Science & Math

Faith No More

Kurt Gödel composed an ontological proof of God’s existence:

Axiom 1. A property is positive if and only if its negation is negative.

Axiom 2. A property is positive if it necessarily contains a positive property.

Theorem 1. A positive property is logically consistent (that is,
possibly it has an existence).

Definition. Something is God-like if and only if it possesses all positive properties.

Axiom 3. Being God-like is a positive property.

Axiom 4. Being a positive property is logical and hence necessary.

Definition. A property P is the essence of x if and only if x has the property P and P is necessarily minimal.

Theorem 2. If x is God-like, then being God-like is the essence of x.

Definition. x necessarily exists if it has an essential property.

Axiom 5. Being necessarily existent is God-like.

Theorem 3. Necessarily there is some x such that x is God-like.

“I am convinced of the afterlife, independent of theology,” he once wrote. “If the world is rationally constructed, there must be an afterlife.”

Hintikka’s Paradox

(1) If a thing can’t be done without something wrong being done, then the thing itself is wrong.

(2) If X is impossible and Y is wrong, then I can’t do both X and Y, and I can’t do X but not Y.

But if Y is wrong and doing X-but-not-Y is impossible, then by (1) it’s wrong to do X.

Hence if it’s impossible to do a thing, then it’s wrong to do it.

Oaks and Acorns

Each of these pairs of numbers contains the 10 digits:

57321 60984
35172 60984
58413 96702
59403 76182

Square any one of them and it will grow into its own 10-digit pandigital number.

In the Dark

http://commons.wikimedia.org/wiki/File:NGC_1672_HST.jpg

“A universe simple enough to be understood is too simple to produce a mind capable of understanding it.” — Cambridge cosmologist John Barrow

Homework

One day while teaching a class at Yale, Shizuo Kakutani wrote a lemma on the blackboard and remarked that the proof was obvious. A student timidly raised his hand and said that it wasn’t obvious to him. Kakutani stared at the lemma for some moments and realized that he couldn’t prove it himself. He apologized and said he would report back at the next class meeting.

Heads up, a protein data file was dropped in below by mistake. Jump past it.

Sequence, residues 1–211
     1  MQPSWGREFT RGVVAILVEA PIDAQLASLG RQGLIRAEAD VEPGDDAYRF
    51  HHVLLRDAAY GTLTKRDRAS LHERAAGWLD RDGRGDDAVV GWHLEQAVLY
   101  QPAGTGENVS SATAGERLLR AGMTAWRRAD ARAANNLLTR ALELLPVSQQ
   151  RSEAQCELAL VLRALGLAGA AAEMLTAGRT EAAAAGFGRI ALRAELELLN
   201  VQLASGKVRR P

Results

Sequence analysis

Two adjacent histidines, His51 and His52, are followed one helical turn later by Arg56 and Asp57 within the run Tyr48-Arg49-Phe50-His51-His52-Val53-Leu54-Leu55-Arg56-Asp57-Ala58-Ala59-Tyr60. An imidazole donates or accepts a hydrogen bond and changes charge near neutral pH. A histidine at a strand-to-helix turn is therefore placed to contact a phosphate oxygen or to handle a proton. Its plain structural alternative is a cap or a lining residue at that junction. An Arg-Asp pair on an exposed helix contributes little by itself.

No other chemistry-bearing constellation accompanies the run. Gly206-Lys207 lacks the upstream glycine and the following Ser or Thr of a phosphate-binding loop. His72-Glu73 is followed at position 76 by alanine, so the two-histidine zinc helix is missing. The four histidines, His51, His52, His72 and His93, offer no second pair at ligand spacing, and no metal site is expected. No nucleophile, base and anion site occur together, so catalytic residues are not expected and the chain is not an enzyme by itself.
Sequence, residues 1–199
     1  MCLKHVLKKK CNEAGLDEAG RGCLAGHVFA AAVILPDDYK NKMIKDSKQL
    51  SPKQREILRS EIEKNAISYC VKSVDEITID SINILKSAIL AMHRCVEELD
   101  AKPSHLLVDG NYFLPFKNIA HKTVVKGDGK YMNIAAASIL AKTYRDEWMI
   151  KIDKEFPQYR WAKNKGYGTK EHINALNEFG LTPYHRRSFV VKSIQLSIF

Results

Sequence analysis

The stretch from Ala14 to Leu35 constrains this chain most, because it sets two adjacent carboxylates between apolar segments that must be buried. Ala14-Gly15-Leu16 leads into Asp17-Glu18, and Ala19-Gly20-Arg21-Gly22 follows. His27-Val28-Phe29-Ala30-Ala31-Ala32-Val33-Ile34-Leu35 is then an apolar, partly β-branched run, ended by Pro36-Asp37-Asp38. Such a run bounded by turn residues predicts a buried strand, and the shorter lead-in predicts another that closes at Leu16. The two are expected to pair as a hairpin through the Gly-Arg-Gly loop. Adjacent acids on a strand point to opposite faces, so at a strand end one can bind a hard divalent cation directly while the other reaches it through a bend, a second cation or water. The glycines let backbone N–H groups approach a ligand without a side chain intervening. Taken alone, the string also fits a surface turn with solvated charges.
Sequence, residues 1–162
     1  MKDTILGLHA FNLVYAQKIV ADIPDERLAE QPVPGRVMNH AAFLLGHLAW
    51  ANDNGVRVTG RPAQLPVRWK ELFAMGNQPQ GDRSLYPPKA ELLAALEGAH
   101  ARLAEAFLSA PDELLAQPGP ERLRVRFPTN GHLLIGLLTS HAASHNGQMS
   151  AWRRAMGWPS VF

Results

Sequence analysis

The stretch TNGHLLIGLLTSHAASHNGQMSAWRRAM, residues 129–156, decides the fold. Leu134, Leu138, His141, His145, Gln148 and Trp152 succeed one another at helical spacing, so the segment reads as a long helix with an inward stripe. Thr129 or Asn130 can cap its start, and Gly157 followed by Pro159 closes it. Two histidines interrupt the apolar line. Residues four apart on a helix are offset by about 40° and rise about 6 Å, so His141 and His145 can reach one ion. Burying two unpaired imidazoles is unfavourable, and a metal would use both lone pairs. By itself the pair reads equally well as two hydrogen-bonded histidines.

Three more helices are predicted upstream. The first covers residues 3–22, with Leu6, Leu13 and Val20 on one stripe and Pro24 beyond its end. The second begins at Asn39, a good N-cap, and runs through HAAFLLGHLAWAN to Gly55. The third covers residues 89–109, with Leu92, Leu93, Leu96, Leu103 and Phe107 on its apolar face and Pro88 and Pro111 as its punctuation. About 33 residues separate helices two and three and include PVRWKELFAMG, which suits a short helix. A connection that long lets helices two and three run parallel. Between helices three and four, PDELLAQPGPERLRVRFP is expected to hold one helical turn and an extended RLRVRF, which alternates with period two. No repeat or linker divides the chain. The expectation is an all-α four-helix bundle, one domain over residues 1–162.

After class he went straight to his office and worked for some time further on the proof. Still unsuccessful, he skipped lunch, went to the library, and tracked down the original paper. It stated the lemma clearly but left the proof as an “exercise for the reader.”

The author was Shizuo Kakutani.

Who’s On First?

Stigler’s Law of Eponymy states that “no scientific discovery is named after its original discoverer.” Examples:

  • Arabic numerals were invented in India.
  • Darwin lists 18 predecessors who had advanced the idea of evolution by natural selection.
  • Freeman Dyson credited the idea of the Dyson sphere to Olaf Stapledon.
  • Salmonella was discovered by Theobald Smith but named after Daniel Elmer Salmon.
  • Copernicus propounded Gresham’s Law.
  • Pell’s equation was first solved by William Brouncker.
  • Euler’s number was discovered by Jacob Bernoulli.
  • The Gaussian distribution was introduced by Abraham de Moivre.
  • The Mandelbrot set was discovered by Pierre Fatou and Gaston Julia.

University of Chicago statistics professor Stephen Stigler advanced the idea in 1980.

Delightfully, he attributes it to Robert Merton.

Infallible

[Bertrand] Russell is reputed at a dinner party once to have said, ‘Oh, it is useless talking about inconsistent things, from an inconsistent proposition you can prove anything you like.’ Well, it is very easy to show this by mathematical means. But, as usual, Russell was much cleverer than this. Somebody at the dinner table said, ‘Oh, come on!’ He said, ‘Well, name an inconsistent proposition,’ and the man said, ‘Well, what shall we say, 2 = 1.’ ‘All right,’ said Russell, ‘what do you want me to prove?’ The man said, ‘I want you to prove that you are the pope.’ ‘Why,’ said Russell, ‘the pope and I are two, but two equals one, therefore the pope and I are one.’

— Jacob Bronowski, The Origins of Knowledge and Imagination, 1979

Hidden Order

http://commons.wikimedia.org/wiki/File:Thebault_theorem.png

Erect squares on the sides of any parallelogram and their centers will always form a square.

In any triangle, the midpoints of the sides and the feet of the altitudes always fall on a circle.

Stubborn

Write down any natural number, reverse its digits to form a new number, and add the two:

lychrel number example - 1

In most cases, repeating this procedure eventually yields a palindrome:

lychrel number example - 2
lychrel number example - 3

With 196, perversely, it does not — or, at least, it hasn’t in computer trials, which have repeated the process until it produced numbers 300 million digits long.

Is 196 somehow immune to producing palindromes? No one’s yet offered a conclusive proof — so we don’t know.

Fair Point

One threatening morning as Einstein was about to leave his house in Princeton, Mrs. Einstein advised him to take along a hat.

Einstein, who rarely used a hat, refused.

‘But it might rain!’ cautioned Mrs. Einstein.

‘So?’ replied the mathematician. ‘My hair will dry faster than my hat.’

– Howard Whitley Eves, In Mathematical Circles: Quadrants III and IV, 1969

Math Notes

12 = 3 × 4; 56 = 7 × 8

Words and Numbers

http://commons.wikimedia.org/wiki/File:Number-line.gif

In English, the name of each integer shares a letter with each of its neighbors. ONE shares an O with TWO, TWO shares a T with THREE … and so on to infinity.